How the hell did I get here?

It’s thrilling to be tested in this way. The logical evolution of the detective story. Not: can you solve the mystery, but: can you even stand to keep up?

At times, Memento really starts to make you feel like Lenny. You, not quite able to follow because the plot is moving backwards too fast; him, not able to remember anything because of his condition… How did I get here? Just about keeping up in the moment, as the plot rattles past, but as you nod along with the dialogue to show you understand, wondering: Where exactly am I now?

As the scenes, and the links between them, become less clearly marked, you’re asking yourself a lot of questions: ‘Wait, how did we get here? What am I looking for? How will this scene end?’ By opening with the plot’s conclusion, but obscuring what it means, the film is able to pull you straight into its plot with the first few scenes. Having already won you over, with the clarity of its original scenes and central mystery, Memento begins to blur the lines a little.

Eventually, it all gets too much, about three-quarters of the way in. You’re trying to juggle too much. It might be sloppy film-making. It might just be that the experiment, of saying ‘c’mon keep up’ and testing the audience, gets pushed a little too far. The problem with shuffling a plot around, so that each scene comes chronologically directly before the last one, is that it’s easy to be gratuitous. Merely writing something in order and then sliding the pieces around doesn’t work. (Trust me.) It has to be designed that way. Of course, Christopher Nolan is a master craftsman, and a great loss to the world of puzzle games.

Memento starts out exceedingly tight, as it lays out its premise on the table. This man can’t remember further back than five minutes ago, and every five-minute scene will take us to the beginning of the last. This isn’t easy to grasp, and so the first hour of scenes are clearly marked at their start and end by contrasting locations, or a key line, anchors as carefully chosen as Inception’s totems. One scene will start in a busy diner and end in the same darkened woman’s bedroom the last scene started in, with Lenny’s anonymous motel room acting as a palette-cleanser.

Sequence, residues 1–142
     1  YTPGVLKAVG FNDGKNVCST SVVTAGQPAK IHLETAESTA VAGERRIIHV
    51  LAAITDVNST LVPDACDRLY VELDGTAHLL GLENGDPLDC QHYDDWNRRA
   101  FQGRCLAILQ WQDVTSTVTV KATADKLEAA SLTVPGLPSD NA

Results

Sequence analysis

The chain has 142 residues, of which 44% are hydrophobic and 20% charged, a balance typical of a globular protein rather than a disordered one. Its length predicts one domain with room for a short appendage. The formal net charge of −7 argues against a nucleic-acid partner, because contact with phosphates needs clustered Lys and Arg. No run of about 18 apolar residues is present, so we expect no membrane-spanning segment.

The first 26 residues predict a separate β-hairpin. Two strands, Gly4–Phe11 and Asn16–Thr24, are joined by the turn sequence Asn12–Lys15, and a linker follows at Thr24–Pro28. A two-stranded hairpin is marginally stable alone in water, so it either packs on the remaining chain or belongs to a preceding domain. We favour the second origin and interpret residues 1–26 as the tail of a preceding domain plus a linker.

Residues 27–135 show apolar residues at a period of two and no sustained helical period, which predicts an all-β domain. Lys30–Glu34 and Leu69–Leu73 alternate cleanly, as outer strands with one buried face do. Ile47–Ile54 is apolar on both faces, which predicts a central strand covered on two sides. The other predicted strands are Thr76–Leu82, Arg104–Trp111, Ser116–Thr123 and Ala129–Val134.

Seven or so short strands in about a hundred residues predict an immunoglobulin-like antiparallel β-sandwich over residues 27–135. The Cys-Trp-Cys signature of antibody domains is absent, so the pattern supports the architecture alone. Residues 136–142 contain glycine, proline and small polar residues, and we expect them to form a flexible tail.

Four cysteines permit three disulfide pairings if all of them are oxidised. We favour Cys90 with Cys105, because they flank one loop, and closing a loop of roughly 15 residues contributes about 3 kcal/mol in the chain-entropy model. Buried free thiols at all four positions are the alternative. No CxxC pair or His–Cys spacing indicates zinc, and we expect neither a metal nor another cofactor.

Discussing Memento‘s genius, people tend to talk about the mind-expanding reversed plot. It’s a story of vengeance that opens with the successful killing, and works backwards. But the true brilliance in Memento, what brings everything together, is the one story that runs forward: there are black-and-white scenes interspersed between these backwards scenes. This is Guy Pearce’s Lenny in his motel room – the neutral space of the film – narrating the story of Sammy Jankis, whose amnesiac plight reflects his own.

Memento is the kind of perfectly-constructed puzzle that Nolan took to the blockbuster with Inception. But far better: it’s smaller and more personal, and the form is more fitting to the content. This is, after all, the story of a single character with a very particular problem, and about getting the audience inside of his head (as opposed to Inception, which was about getting all of its characters into as many heads as possible). Because Lenny can’t remember more than five minutes back. He’s got a condition… Wait. Have I already told you about it?

Memento is here at least partially as a represent of the kind of muscular, intelligent thrillers in my formative film-watching years. The Usual Suspects; Se7en… born out of first viewing a film on this list, #2. Last week’s film, Wristcutters, represents the best of the other side of the family, oversoon by the powerful matriarch of our #1.

There’s a family tree in this list, one that will only become clear once it’s all done. Ha, fitting, right?


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